Williams Advanced Engineering will showcase its world-leading capabilities in composites technology at JEC World 2018, taking place from the 6th to the 8th of March in Paris, the largest event of its kind in the world. The company will present its lightweight electric vehicle platform, which also demonstrates its proprietary capabilities in composite materials and processes as well as in battery technologies.
With the automotive industry currently focused on how it transitions from the internal combustion engine to a fully electric future, a major challenge for manufacturers is how to maximize vehicle efficiency, given current limitations. Responding to this challenge, Williams Advanced Engineering has reimagined how electric cars are designed and constructed. This new approach is designed to make EVs lighter, safer and greener, with longer range and better performance.
The new platform is called the FW-EVX, and it’s an integrated design that includes the batteries and their associated cooling, suspension for up to four motors, and crash structures in a scalable design that could be used in midsize or larger electric vehicles.
What makes the FW-EVX particularly interesting is that it’s extremely lightweight, thanks to extensive use of carbon fiber, not just structurally but also in the suspension.
Craig Wilson, Managing Director of Williams Advanced Engineering, said: “As society looks to solutions for more sustainable mobility our industry needs to focus on lightweighting, aerodynamics and electrification. Williams Advanced Engineering’s people and capabilities offer our customers solutions to each and all of these challenges. We look forward to sharing our technologies with delegates at JEC World 2018.”
“An electric vehicle constructed on the FW-EVX platform can be lighter, safer, greener and much more cost-effective… than a design adapted from a conventional vehicle or one assembled from individual state-of-the-art systems from technology supplier,” said Paul McNamara, technical director at Williams Advanced Engineering.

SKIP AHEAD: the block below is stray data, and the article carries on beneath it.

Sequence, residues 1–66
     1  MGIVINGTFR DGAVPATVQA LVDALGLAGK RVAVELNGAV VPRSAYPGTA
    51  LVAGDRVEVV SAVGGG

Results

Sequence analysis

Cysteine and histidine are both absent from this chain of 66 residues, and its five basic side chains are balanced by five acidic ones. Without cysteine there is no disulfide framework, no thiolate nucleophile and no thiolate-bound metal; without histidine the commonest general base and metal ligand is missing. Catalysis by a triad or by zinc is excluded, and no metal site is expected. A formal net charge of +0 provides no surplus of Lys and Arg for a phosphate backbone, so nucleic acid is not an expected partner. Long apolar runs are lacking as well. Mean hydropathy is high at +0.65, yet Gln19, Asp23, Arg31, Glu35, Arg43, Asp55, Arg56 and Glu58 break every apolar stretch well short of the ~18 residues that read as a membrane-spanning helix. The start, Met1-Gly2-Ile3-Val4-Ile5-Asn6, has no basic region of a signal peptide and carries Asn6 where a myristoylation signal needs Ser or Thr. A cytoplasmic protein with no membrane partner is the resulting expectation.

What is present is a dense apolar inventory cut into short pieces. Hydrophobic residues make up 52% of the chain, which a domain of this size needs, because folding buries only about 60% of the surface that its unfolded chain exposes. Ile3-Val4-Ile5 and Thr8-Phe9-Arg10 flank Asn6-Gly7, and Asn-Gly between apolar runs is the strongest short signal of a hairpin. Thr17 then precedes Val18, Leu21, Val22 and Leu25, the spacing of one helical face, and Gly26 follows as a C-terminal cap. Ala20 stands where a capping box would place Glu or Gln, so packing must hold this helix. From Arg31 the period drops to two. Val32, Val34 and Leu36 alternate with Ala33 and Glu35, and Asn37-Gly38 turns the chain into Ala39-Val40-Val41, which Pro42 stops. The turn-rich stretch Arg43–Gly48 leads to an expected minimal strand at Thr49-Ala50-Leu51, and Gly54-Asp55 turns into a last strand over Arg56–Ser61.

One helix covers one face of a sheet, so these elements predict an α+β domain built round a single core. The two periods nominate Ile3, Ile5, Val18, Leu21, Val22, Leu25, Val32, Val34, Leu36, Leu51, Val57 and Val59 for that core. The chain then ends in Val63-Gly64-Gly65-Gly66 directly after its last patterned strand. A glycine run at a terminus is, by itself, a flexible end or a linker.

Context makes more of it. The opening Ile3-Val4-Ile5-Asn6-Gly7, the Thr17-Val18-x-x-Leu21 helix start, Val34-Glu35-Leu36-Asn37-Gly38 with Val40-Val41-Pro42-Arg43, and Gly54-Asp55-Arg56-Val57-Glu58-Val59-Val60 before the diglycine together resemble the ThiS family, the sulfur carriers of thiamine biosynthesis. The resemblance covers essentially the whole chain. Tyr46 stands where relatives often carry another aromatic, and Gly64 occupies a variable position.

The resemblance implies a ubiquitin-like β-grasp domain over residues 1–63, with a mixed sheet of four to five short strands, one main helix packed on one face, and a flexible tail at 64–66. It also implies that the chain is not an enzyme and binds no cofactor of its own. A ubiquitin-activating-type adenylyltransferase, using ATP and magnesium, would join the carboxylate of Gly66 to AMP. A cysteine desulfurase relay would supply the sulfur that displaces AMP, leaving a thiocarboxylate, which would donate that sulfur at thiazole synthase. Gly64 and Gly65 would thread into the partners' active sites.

Some clever aspects of the platform include using high-strength battery modules that contribute to the overall strength and stiffness of the “skateboard”-style chassis. Here, Williams used some of the know-how it gained building the batteries for Formula E cars. “We have invented a method of creating an engineered hinge embedded in a single composite preform that allows 3D structures to be created from 2D materials, then folded when required, called 223TM, and it opens up the potential to use new types of assembly processes alongside much lower cost, more flexible logistics,” explained McNamara.
As an example, Williams’ engineers have developed a highly automated, near zero waste process. It is being implemented to create fiber reinforced suspension components on the EV platform, such as providing up to 40% weight reduction over a conventional aluminum wishbone and at comparable cost. Williams says that the parts cost no more than conventional ones forged from aluminum, yet weigh 40 percent less. In total, the FW-EVX weighs just 2,193lbs (995kg), including a 772lb (350kg) 80kWh battery pack.[source: Williams Advanced Engineering]